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East Kent Hospitals has made significant changes to hospital care following CQC inspection

13 February 2019

East Kent Hospitals has made significant changes to hospital care for children and young people and has begun an intensive 12-month improvement programme following an inspection in October 2018 of children’s services at William Harvey Hospital, Ashford, and Queen Elizabeth The Queen Mother Hospital, Margate, by the Care Quality Commission (CQC).

The Trust has taken immediate and thorough action to ensure hospital services are safe and responsive to the needs of children and young people. These actions include:

  • Increasing staffing levels for children’s services
  • Implementing a new, daily safety checklist across all hospital areas caring for children and young people
  • Re-training staff.

It has also begun a 12-month intensive improvement programme for children’s services.

“Staff have worked quickly and thoroughly over the last three months, changing everyday working practices and how services are managed to make hospital services for children and young people safe and respond to the CQC’s feedback,” said Trust Chief Executive Susan Acott.

“We immediately addressed concerns raised by the CQC that are highlighted in today’s report, including recruiting more specialist children’s staff, implementing a thorough regime of daily safety checks and improving the environment children are cared for within, particularly in our emergency departments.

“The CQC has announced today that it is assured we have already made significant improvements.

“The CQC has recognised that our staff are caring and compassionate, and we know, from the way staff have transformed the quality of our maternity services, for example, that we can achieve quick and sustainable staff-led change here in East Kent Hospitals, and that’s exactly what we intend to do over the next 12 months for children’s and young people’s hospital services.”

Sarah Vaux, Chief Nurse of the East Kent Clinical Commissioning Groups, agreed: “Last week we sent a team to visit the services that the CQC inspected and to see the changes that have been made. We were pleased to see improvements within all the areas of children and young people’s services highlighted by the CQC. Staff talked about the improvements they had made to date and plans for further and continued improvements for families.”

In October, the Trust restructured from four, large clinical divisions into seven smaller care groups, led by clinicians not managers. It is addressing the governance issues raised in the CQC’s report, to ensure risks are recognised and responded to quickly and appropriately, and they are reported to the Trust’s Board of Directors consistently.

The CQC’s findings

The CQC inspected services for children and young people provided at the William Harvey Hospital, Ashford, and Queen Elizabeth The Queen Mother Hospital, Margate, on 23, 24 and 25 October 2018. These services include the children’s ward at each hospital, the emergency departments and operating theatres. In its report, the CQC rated children’s services ‘good’ for caring, but the overall rating for children’s services in the two hospitals is ‘inadequate’. The Trust is currently reporting its progress and its compliance in staffing and safety standards to the CQC weekly.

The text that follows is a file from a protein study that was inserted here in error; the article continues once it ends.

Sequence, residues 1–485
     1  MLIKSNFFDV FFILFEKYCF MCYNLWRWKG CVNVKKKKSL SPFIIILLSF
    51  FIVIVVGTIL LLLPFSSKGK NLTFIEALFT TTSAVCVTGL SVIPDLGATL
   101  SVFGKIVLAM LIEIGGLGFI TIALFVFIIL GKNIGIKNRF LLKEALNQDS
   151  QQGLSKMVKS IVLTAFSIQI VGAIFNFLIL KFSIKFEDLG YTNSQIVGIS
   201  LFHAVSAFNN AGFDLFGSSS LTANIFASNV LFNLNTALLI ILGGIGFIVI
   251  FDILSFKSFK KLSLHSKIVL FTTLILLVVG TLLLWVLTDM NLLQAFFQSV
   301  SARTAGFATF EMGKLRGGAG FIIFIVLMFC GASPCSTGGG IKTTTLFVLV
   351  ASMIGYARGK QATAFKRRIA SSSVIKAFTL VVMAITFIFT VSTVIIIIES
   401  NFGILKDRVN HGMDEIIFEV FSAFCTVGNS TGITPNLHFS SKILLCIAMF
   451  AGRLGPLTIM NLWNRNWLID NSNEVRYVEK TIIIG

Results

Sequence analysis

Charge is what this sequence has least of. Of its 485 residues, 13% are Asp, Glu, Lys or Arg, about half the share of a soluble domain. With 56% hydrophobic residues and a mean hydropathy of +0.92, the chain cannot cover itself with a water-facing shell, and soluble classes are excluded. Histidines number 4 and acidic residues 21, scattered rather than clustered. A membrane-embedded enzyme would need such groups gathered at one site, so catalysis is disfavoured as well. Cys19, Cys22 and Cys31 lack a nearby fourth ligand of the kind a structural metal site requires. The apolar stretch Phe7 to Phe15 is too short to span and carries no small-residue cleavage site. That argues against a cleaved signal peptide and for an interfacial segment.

The CQC also inspected the Neonatal Intensive Care Unit at Ashford, and the special care baby units at both hospitals where they reported staff were very caring and supportive.

“In its report, the CQC recognises the consistently high numbers of families who would recommend the care they have received at our hospitals to friends and family,” said Susan. In our latest satisfaction survey (November 2018), 100% would recommend our children’s wards to friends or family.

“On behalf of the Trust Board, I would like to thank all the children’s teams who work hard to provide this level of caring service to patients and their families,” said Susan.

“I would also like to praise the hard work of the teams behind the examples of good practice the CQC noted in its report, including the innovative system for identifying children with learning disabilities, staff understanding of their safeguarding responsibilities, how well staff interact with babies and keep them calm, and the caring practice of providing special child bereavement memory boxes for families in the emergency department, purchased by our hospital charity.   

“Every child deserves excellent care in hospital, and we are committed to transforming services for all children, young people and their families.”

Action the Trust has taken

Immediate measures the Trust has taken to ensure hospital services are safe and responsive to the needs of children and young people include:

Increased staffing levels

We have improved staffing levels in our emergency departments for children’s services at both hospitals to ensure services are safe and children and young people are well-cared for. We have filled a number of vacant posts in both hospitals since the date of inspection, including four children’s nurses, two emergency department children’s nurses, one neonatal nursery nurse, two doctors and two child safeguarding practitioners.

Two more children’s nurses are joining the children’s ward at William Harvey Hospital shortly.  The Trust is reviewing the total number of staff allocated to each ward.

We now have children’s nurses in our two emergency departments 24/7, which means children and young people attending our emergency departments are cared for by nurses who are expert in these patients’ needs.